Read: Hebrews 12:1-11
Faith is momentous and the quintessential trait of every person listed in or alluded to in Hebrews chapter 11. Having made his case for faith, the author of Hebrews breaks away from making a theological point to making some points of application, and he does so with the use of three different metaphors.
First, the author of Hebrews says that a “cloud” of witnesses surrounds believers. The imagery here suggests a fog so thick fog such that one cannot tell which way he is going. In a manner of speaking, the author is trying to show his readers that the witness of God working in the lives of the faithful is undeniable – there’s no escaping it. This thick cloud of witnesses serves as a point of encouragement to the readers, knowing that God is faithful to those with faith.
Second, the author of Hebrews follows the cloud metaphor with a metaphor from racing. He likens the Christian life to a long distance race. First, runners should lighten themselves. He says to his reader that they should shed their sin that gets in the way perusing Jesus as a runner discards excess baggage before running a race. Second, he calls Jesus the “author” and “perferter” of the faith. In keeping with the race metaphor, Jesus is the “leader” and “finisher” of the race of faith. The author of Hebrews describes Jesus as enduring the cross and its shame for the Joy set before him and he is now seated, high and exalted. The author is encouraging his readers to look to Jesus as the exemplar runner. But even so, his readers have not shed blood in their struggle against sin as Jesus did. The Apostle Paul uses the race metaphor elsewhere in scripture in a similar manner. He says that runners run to receive a prize and they do so by maintaining a since of self control so that they would not become disqualified from the race (1 Corinthians 9:24-27). At the end of his life, he says that he has run the race such that he will receive a prize when he departs from the earth to be with God (2 Timothy 4:6-8). The manner in which one runs the race is important so that one can be as the exemplar runner, namely Jesus.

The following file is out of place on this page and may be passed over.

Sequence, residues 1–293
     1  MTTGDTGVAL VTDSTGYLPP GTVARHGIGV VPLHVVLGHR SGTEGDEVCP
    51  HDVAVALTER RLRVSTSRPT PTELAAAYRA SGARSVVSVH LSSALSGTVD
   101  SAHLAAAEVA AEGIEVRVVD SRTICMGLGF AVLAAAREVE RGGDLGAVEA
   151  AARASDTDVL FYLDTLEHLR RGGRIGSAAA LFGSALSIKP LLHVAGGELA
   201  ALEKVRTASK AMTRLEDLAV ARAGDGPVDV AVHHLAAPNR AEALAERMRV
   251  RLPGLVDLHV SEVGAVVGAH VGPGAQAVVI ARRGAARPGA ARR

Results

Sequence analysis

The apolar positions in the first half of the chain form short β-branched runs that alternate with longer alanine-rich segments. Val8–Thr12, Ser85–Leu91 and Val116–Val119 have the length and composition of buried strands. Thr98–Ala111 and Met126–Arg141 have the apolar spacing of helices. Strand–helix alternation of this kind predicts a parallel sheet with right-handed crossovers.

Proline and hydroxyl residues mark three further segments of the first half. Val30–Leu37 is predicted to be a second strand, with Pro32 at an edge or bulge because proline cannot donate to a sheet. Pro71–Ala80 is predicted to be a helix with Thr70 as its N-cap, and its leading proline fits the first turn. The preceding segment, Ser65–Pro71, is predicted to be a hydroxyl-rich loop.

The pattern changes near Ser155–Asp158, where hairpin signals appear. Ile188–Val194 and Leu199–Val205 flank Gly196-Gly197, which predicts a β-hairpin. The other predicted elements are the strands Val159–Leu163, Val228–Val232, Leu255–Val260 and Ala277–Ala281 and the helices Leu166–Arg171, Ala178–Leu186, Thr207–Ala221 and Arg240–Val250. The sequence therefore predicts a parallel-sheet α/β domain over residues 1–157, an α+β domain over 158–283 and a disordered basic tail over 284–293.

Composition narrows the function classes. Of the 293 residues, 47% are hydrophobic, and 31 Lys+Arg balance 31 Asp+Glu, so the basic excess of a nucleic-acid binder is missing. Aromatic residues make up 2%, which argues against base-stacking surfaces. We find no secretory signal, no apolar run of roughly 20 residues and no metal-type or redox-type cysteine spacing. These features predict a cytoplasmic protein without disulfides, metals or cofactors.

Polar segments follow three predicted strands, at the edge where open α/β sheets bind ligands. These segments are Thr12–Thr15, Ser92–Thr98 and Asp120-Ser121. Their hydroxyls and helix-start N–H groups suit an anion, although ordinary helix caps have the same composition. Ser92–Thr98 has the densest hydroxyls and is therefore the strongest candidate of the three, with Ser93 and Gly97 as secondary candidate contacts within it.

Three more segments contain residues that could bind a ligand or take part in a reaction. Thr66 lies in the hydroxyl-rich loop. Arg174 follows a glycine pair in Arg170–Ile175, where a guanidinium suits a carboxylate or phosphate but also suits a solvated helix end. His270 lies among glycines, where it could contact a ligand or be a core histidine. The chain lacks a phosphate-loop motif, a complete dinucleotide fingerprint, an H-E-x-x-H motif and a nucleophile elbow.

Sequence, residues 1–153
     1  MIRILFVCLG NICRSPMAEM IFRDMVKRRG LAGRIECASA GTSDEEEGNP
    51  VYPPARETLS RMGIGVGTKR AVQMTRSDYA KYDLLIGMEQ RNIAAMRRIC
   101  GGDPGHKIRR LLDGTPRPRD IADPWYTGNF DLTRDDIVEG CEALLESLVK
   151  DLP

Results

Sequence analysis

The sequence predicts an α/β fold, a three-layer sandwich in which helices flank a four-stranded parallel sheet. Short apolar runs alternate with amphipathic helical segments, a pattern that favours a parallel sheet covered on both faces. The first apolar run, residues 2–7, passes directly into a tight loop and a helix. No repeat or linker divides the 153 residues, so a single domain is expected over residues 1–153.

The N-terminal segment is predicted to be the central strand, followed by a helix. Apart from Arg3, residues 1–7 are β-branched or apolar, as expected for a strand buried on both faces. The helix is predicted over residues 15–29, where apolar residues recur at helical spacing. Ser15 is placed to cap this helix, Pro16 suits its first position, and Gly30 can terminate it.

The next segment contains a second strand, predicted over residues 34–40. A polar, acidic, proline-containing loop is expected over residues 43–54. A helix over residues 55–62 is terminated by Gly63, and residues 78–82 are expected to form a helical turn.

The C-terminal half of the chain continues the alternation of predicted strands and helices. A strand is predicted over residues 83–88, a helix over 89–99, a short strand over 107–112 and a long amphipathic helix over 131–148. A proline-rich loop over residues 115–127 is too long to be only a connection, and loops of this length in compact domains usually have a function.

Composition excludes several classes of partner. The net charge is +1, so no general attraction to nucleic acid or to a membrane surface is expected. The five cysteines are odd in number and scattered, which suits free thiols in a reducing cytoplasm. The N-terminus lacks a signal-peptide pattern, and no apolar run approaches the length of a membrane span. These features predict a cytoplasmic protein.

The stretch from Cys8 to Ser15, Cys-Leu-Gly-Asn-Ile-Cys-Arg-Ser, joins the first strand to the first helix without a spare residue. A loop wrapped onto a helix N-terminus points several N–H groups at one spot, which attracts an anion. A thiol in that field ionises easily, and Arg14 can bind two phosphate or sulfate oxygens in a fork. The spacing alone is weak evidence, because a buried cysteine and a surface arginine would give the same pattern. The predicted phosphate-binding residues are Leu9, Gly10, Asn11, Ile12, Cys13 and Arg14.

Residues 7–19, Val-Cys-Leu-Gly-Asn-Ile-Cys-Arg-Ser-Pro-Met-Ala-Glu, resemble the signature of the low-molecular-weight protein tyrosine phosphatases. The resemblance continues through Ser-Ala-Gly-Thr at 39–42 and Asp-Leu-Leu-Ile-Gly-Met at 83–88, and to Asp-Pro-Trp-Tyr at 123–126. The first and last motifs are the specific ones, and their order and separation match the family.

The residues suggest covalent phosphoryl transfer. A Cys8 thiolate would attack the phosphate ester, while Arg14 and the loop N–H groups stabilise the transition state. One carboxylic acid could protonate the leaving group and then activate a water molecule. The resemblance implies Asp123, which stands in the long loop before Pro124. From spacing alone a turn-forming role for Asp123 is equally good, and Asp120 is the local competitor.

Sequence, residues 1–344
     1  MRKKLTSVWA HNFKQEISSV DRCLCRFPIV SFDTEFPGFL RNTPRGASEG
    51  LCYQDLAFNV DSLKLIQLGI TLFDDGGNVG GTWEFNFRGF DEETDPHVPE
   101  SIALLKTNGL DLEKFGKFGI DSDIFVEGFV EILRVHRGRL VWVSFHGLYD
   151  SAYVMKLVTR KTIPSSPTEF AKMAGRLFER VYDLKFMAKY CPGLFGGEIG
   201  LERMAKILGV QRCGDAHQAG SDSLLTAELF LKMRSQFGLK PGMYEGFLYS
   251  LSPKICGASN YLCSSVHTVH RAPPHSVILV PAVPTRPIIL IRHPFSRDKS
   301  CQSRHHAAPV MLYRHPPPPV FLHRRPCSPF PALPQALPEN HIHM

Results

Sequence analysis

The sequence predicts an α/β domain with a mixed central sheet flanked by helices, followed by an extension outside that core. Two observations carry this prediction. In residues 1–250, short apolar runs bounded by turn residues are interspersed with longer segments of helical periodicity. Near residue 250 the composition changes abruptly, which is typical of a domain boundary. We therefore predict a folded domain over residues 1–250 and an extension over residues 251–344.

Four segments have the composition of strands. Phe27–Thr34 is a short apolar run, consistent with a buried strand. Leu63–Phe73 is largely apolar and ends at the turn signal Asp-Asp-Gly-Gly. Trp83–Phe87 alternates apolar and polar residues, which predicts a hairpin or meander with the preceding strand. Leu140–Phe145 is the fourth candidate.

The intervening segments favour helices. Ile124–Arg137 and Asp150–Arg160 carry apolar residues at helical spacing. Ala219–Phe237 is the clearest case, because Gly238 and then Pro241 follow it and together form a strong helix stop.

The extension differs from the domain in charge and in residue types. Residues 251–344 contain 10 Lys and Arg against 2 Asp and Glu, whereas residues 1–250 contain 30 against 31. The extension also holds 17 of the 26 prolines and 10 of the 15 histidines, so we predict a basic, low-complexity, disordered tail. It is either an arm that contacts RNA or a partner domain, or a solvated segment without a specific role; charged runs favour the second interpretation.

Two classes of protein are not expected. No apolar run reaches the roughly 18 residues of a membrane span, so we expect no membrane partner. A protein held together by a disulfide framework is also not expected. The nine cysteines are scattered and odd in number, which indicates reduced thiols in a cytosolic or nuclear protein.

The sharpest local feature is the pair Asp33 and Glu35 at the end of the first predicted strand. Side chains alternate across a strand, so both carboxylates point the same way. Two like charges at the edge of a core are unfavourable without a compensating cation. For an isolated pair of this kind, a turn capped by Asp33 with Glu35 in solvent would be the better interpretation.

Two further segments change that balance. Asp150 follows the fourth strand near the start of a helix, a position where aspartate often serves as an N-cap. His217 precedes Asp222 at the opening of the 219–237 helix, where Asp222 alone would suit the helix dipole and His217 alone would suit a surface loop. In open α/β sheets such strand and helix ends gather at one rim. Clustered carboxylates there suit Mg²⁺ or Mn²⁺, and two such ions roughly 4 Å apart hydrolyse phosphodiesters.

Third, the author of Hebrews likens the hardship that his readers are enduring to the sort of discipline a father gives his children. He draws on an Old Testament quotation from Proverbs 3:11-12. Proverbs 3 is part of a larger pericope of scripture exonerating the value of wisdom, particularly from one’s father and mother. The author of Hebrews is invoking this passage to show that God does indeed use the difficulties in life to hone one’s faith, and it is a blessing to receive such discipline. The author notes that it results in a “fruit” of righteousness, and even more so what Paul called a “crown of righteousness” that one receives as a reward from God.
The question for Christians is not if hardship will come, rather when hardship will come. When it does, Christians are often tempted to retreat back into sin and give up. But rather than give up, Christians can be reminded of the cloud of testimonies of so many others who have remained faithful. In doing so, this can help Christians not to give up, rather to continuously fix their eyes on Jesus, not the problems of life and look on hardship as an opportunity to be blessed by God rather than feel cursed by God. In the end, a reward of righteousness will be the prize!
Lord, rather than giving up, I want to be encouraged to run with endurance so I might be blessed!
Help me to do just this!